It’s been almost a year since we saw our first glimpse of the glamorous ladies of Ocean’s 8, and finally today we get the first full trailer of our fave ladies in action.
The scene opens on Sandra Bullock as Debbie Ocean – sister of Ocean’s 11, 12 and 13 star Danny Ocean, played by George Clooney – in prison.
Suffice to say, she makes parole, and begins planning an epic heist – one that includes Mindy Kaling as jewellery maker Amita, who lives with her mother; Rihanna as Nine Ball, a hacker/computer expert; Helena Bonham Carter as Rose, a seemingly eccentric dress-maker; comedian Akwafina as a thieving street performer; Sarah Paulson as a stay-at-home mum desperate to get away from her kids; and Cate Blanchet as Lou, seemingly Debbie’s right-hand woman.
Their plan is to infiltrate the annual Met Gala and steal jewellery off the neck of Anne Hathaway’s Daphne Kluger.
And if that wasn’t enough stars for you, here’s a few more: James Corden stars in a yet unidentified role (but definitely has a speaking part with Bullock) and, Damien Lewis is due to play Debbie’s ex and the target of the team’s heist.
As you can expect, the Met Gala is going to be choc-a-bloc with celebs too, so far listed on IMDB as: Zayn Malik, Zac Posen, Kendall Jenner, Kim Kardashian, Hailey Baldwin and Adriana Lima.
The trailer would have us believe that Debbie’s brother Danny is dead, but is that true? We’ll just have to wait and see!
The film is directed by Gary Ross, who has previously had director duties on cult favourite Pleasantville and mega-franchise The Hunger Games, and Olivia Milch joins him as co-writer.
Milch has only written on one previous film called ‘Dude’, but we have every faith in her after seeing this epic trailer.
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‘Antebellum’ has a ‘Get Out’ vibe, but doesn’t live up to its twist
“Antebellum” is built around a provocative twist, and it’s a good one — as well as one that definite..
“Antebellum” is built around a provocative twist, and it’s a good one — as well as one that definitely shouldn’t be spoiled even a little. Once that revelation is absorbed, however, the movie becomes less distinctive and inspired, reflecting an attempt to tap into the zeitgeist that made “Get Out” a breakthrough, without the same ability to pay off the premise.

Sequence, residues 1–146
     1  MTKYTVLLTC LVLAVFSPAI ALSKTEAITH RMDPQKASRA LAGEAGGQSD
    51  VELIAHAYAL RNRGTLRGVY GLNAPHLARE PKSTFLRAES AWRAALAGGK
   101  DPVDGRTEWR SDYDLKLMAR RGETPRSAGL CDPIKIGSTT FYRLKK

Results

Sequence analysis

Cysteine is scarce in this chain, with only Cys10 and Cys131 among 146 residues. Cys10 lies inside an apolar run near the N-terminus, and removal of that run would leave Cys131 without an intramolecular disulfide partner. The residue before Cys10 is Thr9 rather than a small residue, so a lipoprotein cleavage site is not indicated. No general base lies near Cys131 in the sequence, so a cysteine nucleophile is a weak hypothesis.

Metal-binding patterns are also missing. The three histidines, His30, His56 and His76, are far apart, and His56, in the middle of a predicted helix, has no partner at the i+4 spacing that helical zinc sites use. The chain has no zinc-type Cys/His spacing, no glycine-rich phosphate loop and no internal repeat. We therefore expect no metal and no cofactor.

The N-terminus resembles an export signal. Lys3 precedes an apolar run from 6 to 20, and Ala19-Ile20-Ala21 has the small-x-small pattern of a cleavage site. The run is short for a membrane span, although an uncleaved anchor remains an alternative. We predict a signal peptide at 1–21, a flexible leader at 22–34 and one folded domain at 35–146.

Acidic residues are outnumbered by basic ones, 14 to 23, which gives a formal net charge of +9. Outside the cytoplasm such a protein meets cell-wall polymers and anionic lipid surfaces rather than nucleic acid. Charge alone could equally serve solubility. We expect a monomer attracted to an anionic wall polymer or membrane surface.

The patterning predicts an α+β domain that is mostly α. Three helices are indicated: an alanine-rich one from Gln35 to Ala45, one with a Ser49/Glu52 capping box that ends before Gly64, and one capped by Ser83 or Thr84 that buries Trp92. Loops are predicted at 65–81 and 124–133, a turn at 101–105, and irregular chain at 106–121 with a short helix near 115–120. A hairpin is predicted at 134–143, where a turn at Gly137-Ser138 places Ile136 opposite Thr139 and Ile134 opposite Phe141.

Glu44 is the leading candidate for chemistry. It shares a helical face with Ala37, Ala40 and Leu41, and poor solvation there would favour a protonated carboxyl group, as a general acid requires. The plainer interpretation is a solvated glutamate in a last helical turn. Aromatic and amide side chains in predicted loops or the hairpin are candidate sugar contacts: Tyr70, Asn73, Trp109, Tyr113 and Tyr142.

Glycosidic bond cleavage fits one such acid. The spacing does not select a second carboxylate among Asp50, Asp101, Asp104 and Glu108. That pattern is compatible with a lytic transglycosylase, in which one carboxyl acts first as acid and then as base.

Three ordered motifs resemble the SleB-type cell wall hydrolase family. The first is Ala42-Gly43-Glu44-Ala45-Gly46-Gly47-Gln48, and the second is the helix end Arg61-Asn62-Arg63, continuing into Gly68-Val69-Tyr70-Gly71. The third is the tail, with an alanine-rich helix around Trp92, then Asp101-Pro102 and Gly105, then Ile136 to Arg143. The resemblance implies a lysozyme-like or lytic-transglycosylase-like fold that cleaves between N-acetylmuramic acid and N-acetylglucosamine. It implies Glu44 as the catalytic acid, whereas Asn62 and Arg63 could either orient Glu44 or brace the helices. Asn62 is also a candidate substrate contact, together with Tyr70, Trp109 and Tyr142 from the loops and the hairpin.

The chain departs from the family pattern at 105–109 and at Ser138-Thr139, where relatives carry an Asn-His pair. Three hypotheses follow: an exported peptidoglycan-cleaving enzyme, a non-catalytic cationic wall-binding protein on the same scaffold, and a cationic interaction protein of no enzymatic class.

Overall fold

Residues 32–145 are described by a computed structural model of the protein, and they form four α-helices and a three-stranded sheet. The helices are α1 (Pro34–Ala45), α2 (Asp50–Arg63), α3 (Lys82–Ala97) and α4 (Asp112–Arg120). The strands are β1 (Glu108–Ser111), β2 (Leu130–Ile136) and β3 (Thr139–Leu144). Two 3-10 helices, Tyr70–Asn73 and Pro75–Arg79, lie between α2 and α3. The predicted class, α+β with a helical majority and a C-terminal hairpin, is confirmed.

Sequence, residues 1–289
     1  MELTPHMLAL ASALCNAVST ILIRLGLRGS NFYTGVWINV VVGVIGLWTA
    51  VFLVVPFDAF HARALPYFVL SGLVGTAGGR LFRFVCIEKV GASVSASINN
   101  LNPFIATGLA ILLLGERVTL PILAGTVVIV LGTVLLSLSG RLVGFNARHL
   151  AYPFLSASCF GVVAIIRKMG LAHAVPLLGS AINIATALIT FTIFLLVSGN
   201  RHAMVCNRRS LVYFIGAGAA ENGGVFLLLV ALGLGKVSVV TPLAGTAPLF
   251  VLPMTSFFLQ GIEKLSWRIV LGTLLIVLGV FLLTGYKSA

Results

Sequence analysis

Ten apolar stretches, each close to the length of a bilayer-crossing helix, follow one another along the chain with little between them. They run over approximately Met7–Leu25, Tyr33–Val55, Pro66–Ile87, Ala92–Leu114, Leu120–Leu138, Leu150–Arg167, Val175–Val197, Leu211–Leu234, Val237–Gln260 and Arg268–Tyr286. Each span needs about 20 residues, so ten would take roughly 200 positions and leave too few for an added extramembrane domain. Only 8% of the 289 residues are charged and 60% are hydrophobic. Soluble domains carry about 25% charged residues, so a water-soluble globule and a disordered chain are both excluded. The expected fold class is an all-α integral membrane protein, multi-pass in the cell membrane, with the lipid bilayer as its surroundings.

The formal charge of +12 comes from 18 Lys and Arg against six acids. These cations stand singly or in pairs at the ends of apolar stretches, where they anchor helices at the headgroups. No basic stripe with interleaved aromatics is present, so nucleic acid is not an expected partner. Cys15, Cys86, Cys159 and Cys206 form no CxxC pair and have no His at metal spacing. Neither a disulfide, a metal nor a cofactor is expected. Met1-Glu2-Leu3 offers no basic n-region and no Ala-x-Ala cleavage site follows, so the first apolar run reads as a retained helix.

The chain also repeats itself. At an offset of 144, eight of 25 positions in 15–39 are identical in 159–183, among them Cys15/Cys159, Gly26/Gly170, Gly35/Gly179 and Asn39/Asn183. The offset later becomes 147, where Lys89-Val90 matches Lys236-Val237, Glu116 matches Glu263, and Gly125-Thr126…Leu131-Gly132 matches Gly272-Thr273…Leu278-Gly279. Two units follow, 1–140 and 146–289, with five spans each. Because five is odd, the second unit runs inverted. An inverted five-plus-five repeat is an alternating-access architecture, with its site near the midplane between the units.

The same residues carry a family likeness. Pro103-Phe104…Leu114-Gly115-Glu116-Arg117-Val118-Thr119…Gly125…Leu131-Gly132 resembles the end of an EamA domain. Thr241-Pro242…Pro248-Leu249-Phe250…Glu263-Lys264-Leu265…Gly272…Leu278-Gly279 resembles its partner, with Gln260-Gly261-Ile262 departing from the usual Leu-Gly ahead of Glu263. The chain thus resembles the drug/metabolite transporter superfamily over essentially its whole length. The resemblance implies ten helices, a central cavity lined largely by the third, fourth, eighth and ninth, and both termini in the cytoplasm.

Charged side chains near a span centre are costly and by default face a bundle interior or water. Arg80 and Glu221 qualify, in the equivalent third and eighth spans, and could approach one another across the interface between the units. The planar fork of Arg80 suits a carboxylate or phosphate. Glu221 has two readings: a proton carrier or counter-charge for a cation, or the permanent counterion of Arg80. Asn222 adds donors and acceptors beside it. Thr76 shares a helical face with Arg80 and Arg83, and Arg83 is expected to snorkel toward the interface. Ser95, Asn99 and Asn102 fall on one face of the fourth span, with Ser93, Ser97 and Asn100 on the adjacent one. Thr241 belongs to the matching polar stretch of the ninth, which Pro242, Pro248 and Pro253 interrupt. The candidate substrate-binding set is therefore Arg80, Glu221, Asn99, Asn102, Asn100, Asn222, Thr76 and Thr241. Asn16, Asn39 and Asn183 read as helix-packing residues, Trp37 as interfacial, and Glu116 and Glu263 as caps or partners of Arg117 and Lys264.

Originally destined for a theatrical run, the movie hits digital platforms trumpeting a “Get Out” pedigree in its marketing campaign, since there’s an overlap among the producing teams.
More directly, the film marks the directing debut of Gerard Bush + Christopher Renz, who have championed social-justice issues through their advertising work. The opening script features a quote from author William Faulkner, whose intent will eventually become clearer: “The past is never dead. It’s not even past.”
If that sounds like a timely means of drawing a line from the horrors of slavery to the racism of today, you’ve come to the right place.
The story begins on a plantation, where the brutal overseers carry out grisly punishments against those tilling the fields. A few have just tried to escape, led by Veronica (Janelle Monae), and they pay a heavy price for their resistance, which does nothing to curb her defiance.
Also written by Bush + Renz, the script take too long before revealing what makes “Antebellum” different, but the middle portion — a “The Twilight Zone”-like phase when it’s hard to be sure exactly what’s going on — is actually the film’s strongest. (Even the trailer arguably gives away too much, so the less one knows, the better.)
The final stretch, by contrast, veers into more familiar thriller territory, and feels especially rushed toward the end, leaving behind a host of nagging, unanswered questions. That provides food for thought, but it’s also what separates the movie from something like “Get Out,” which deftly fleshed out its horror underpinnings.
Although the filmmakers (in a taped message) expressed disappointment that the movie wasn’t making its debut in theaters, in a strange way, the on-demand format somewhat works in its favor. In the press notes, Bush says the goal was “to force the audience to look at the real-life horror of racism through the lens of film horror. We’re landing in the middle of the very conversations that we hoped ‘Antebellum’ would spur.”
“Antebellum” should add to that discussion, so mission accomplished on that level. Monae is also quite good in her first leading film role (she did previously star in the series “Homecoming’s” second season), but otherwise, most of the characters remain underdeveloped.